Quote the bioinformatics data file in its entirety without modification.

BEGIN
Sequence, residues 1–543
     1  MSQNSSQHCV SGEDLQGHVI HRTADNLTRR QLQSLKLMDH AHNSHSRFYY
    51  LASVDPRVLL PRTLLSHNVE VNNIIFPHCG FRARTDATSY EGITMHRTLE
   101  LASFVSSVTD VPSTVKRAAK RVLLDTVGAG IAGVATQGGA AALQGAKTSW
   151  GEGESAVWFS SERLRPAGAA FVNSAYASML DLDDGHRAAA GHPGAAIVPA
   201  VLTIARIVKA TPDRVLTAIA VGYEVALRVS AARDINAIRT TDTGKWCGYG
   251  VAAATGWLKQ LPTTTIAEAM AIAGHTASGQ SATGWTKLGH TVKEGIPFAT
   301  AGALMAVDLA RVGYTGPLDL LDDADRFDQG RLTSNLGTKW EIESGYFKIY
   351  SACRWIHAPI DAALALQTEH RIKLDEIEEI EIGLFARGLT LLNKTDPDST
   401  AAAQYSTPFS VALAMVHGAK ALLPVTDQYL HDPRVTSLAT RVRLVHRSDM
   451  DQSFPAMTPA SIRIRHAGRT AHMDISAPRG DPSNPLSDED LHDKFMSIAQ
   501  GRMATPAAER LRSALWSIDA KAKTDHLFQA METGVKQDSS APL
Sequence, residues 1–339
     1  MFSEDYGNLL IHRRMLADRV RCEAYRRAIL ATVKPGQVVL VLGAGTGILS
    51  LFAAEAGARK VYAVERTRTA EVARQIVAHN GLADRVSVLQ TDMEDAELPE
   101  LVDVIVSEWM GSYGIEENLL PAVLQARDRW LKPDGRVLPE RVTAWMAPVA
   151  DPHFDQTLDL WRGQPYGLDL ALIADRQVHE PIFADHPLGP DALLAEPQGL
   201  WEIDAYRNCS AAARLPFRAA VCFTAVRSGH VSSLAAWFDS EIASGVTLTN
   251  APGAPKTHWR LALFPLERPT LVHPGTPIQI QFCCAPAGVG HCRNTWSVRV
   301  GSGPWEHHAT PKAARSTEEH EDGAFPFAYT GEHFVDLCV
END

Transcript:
Sequence, residues 1–543
     1  MSQNSSQHCV SGEDLQGHVI HRTADNLTRR QLQSLKLMDH AHNSHSRFYY
    51  LASVDPRVLL PRTLLSHNVE VNNIIFPHCG FRARTDATSY EGITMHRTLE
   101  LASFVSSVTD VPSTVKRAAK RVLLDTVGAG IAGVATQGGA AALQGAKTSW
   151  GEGESAVWFS SERLRPAGAA FVNSAYASML DLDDGHRAAA GHPGAAIVPA
   201  VLTIARIVKA TPDRVLTAIA VGYEVALRVS AARDINAIRT TDTGKWCGYG
   251  VAAATGWLKQ LPTTTIAEAM AIAGHTASGQ SATGWTKLGH TVKEGIPFAT
   301  AGALMAVDLA RVGYTGPLDL LDDADRFDQG RLTSNLGTKW EIESGYFKIY
   351  SACRWIHAPI DAALALQTEH RIKLDEIEEI EIGLFARGLT LLNKTDPDST
   401  AAAQYSTPFS VALAMVHGAK ALLPVTDQYL HDPRVTSLAT RVRLVHRSDM
   451  DQSFPAMTPA SIRIRHAGRT AHMDISAPRG DPSNPLSDED LHDKFMSIAQ
   501  GRMATPAAER LRSALWSIDA KAKTDHLFQA METGVKQDSS APL
Sequence, residues 1–339
     1  MFSEDYGNLL IHRRMLADRV RCEAYRRAIL ATVKPGQVVL VLGAGTGILS
    51  LFAAEAGARK VYAVERTRTA EVARQIVAHN GLADRVSVLQ TDMEDAELPE
   101  LVDVIVSEWM GSYGIEENLL PAVLQARDRW LKPDGRVLPE RVTAWMAPVA
   151  DPHFDQTLDL WRGQPYGLDL ALIADRQVHE PIFADHPLGP DALLAEPQGL
   201  WEIDAYRNCS AAARLPFRAA VCFTAVRSGH VSSLAAWFDS EIASGVTLTN
   251  APGAPKTHWR LALFPLERPT LVHPGTPIQI QFCCAPAGVG HCRNTWSVRV
   301  GSGPWEHHAT PKAARSTEEH EDGAFPFAYT GEHFVDLCV